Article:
his week has further highlighted certain guarantees about modern-day Tottenham: Harry Kane will score against Leicester, Heung-min Son will come good, Pierre-Emile Hojbjerg will start and Antonio Conte will be linked with another job.
Conte spent the second half of last season stoking speculation over his future by refusing to commit to Spurs beyond the end of the campaign, and it was inevitable that the rumours would resurface this term, with his contract situation unchanged.
Sure enough, Conte is being linked with a return to his former club Juventus, where the 53-year-old won three straight Scudettos in four seasons as head coach.
Juventus vice-chairman Pavel Nedved, who is close to his former team-mate, is said to be pushing to bring Conte back to Turin as a replacement for under-pressure coach Massimiliano Allegri, in spite of reservations from chairman Andrea Agnelli.
The first thing to say is that the speculation suits Conte, strengthening his hand in the constant cat-and-mouse negotiations with chairman Daniel Levy and managing director Fabio Paratici.
Juve are typically reluctant to sack their managers mid-season, so there is every chance Allegri is given time which, in turn, means the links to Conte could run and run. He is unlikely to have any interest in squashing the speculation, and the situation was similar in April when he was linked with the Paris Saint-Germain job as Spurs battled to finish fourth.
Whether Juve and Conte would seriously consider a reunion is less clear. Certainly, it would be wrong to underestimate the appeal of the Bianconeri, particularly as Conte has said he has “unfinished” business with the club he left eight years ago.
His wife and daughter still live in Turin, a situation Conte does not find especially easy, so a return to Italy would likely be attractive for personal reasons.
There is also the obvious allure of restoring Juve’s modern Serie A supremacy, which was both started and ended by Conte himself, and improving their record in Europe.
The first of their nine straight league titles was won with Conte in charge in 2011-12, before his Inter Milan ended the run with their historic Scudetto in 2020-21. AC Milan beat their city rivals to last season’s Serie A to leave Juve without a Scudetto in two seasons.
After just two wins from their opening seven matches, including the shock 1-0 defeat by Monza, Juve are in need of a drastic shake-up and Conte remains one the best coaches in the world, and one of the club’s most celebrated former players and coaches.
There are also reasons to think Conte would not go back, however, with Agnelli’s view of the uncompromising coach a particular factor.
Juventus speculation suits Conte, strengthening his hand in the constant cat-and-mouse negotiations with Levy and Paratici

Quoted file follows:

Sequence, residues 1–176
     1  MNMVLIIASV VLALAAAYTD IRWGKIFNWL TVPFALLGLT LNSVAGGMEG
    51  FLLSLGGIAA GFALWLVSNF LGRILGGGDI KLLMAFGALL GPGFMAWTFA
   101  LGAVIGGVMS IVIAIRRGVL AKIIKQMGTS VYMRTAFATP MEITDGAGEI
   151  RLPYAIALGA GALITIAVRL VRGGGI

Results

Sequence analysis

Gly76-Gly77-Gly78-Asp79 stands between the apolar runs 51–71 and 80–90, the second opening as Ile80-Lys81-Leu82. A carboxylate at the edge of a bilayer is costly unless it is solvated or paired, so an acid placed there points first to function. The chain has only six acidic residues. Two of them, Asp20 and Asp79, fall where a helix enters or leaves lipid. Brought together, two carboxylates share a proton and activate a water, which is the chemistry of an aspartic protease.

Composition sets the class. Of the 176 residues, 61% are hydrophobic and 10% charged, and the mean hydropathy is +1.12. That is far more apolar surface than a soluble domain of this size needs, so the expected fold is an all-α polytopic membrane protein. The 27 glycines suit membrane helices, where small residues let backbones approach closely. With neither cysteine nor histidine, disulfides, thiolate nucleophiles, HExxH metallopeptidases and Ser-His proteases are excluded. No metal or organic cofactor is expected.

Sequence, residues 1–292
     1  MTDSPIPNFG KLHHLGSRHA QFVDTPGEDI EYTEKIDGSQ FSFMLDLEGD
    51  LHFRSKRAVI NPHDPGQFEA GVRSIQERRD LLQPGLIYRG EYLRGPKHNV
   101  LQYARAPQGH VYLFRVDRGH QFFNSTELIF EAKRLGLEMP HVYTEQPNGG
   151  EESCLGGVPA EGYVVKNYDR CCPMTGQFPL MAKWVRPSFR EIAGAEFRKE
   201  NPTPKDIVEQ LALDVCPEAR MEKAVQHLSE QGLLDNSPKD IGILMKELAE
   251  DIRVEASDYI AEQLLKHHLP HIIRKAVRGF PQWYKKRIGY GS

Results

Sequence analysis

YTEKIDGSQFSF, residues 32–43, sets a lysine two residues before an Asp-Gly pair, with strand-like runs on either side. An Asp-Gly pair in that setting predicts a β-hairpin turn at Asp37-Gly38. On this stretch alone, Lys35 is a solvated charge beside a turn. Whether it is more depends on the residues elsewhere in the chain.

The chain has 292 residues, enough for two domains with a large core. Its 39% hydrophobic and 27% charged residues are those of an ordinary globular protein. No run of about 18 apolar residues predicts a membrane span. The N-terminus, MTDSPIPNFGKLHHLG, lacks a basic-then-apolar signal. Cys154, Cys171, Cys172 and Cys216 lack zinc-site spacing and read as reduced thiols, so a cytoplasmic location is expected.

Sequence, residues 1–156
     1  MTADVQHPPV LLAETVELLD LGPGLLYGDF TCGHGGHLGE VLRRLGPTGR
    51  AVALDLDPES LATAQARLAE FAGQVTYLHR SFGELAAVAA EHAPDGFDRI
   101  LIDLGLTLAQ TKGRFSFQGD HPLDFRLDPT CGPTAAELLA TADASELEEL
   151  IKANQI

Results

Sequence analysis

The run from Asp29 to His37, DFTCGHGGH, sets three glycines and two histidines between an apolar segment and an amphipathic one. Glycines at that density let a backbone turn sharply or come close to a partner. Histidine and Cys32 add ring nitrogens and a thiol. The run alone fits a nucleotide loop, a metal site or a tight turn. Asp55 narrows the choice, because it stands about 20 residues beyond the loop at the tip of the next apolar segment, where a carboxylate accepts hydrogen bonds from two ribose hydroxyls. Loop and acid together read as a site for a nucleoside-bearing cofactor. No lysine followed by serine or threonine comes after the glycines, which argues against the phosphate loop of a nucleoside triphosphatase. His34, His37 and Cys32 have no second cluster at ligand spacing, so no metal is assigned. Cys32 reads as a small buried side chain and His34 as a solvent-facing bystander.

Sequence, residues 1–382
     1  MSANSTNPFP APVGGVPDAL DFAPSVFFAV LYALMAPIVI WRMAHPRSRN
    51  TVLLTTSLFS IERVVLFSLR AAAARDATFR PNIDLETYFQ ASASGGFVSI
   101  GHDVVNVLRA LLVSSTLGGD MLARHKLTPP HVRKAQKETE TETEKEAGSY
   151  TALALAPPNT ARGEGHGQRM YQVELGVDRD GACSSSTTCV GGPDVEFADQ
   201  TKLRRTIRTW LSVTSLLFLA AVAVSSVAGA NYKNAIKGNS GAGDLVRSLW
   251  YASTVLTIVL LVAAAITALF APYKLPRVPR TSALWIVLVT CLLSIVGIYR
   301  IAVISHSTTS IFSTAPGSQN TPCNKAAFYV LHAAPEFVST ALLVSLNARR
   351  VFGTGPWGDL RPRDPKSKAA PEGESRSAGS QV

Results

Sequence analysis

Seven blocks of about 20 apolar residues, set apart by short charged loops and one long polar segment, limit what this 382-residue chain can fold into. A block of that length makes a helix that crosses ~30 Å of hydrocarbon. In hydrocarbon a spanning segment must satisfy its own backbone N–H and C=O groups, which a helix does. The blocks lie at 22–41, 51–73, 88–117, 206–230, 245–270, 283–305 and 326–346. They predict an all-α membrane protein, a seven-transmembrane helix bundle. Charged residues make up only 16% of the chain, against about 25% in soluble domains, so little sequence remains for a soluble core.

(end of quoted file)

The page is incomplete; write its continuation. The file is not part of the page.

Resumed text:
The pair’s relationship soured during Conte’s first stint at the club and he gave Juve’s directors, including Agnelli, the middle finger during a friendly while in charge of Inter last year, underlining the bitterness of the relationship. It would take a swallowing of pride from both Conte and Agnelli to facilitate a reunion.
Some of the club’s ultras have also turned on Conte, regarding him as a traitor for joining Inter and subsequently ending Juve’s domestic supremacy, which could complicate an approach – particularly when the likes of Thomas Tuchel and Mauricio Pochettino are attractive alternatives.
There is also the question of whether Conte is interested in leaving further unfinished business at Spurs, where he is under contract until the end of the season – with the option to extend the deal.
For all his public grumbling about the club’s ability to compete financially with their top-flight rivals, Conte has been backed by the club like no other manager under Levy, and is building an improving team, who are unbeaten this season despite being nowhere near their best.
He appears conscious of the scale of the challenge ahead and has even spoken of being the club’s own Jurgen Klopp by building a long-term project to compete for the biggest honours.
And perhaps most crucially, Spurs offer Conte the chance to test himself in the fiercest league in the world against the game’s other leading managers. Last season, he pointedly said that coming fourth in the Premier League was equivalent to winning a title in one of Europe’s other top leagues.
A return to Juve mid-season or in the summer would plainly offer Conte a much more immediate chance of winning titles and other big prizes, but restoring the Bianconeri to the top of the Serie A would likely be considered less of an achievement than leading Spurs to a first piece of silverware in over a decade.
If nothing else, Conte is a competitor and this desire to pit his wits against Klopp, Pep Guardiola, Erik ten Hag and others may be crucial in determining his future.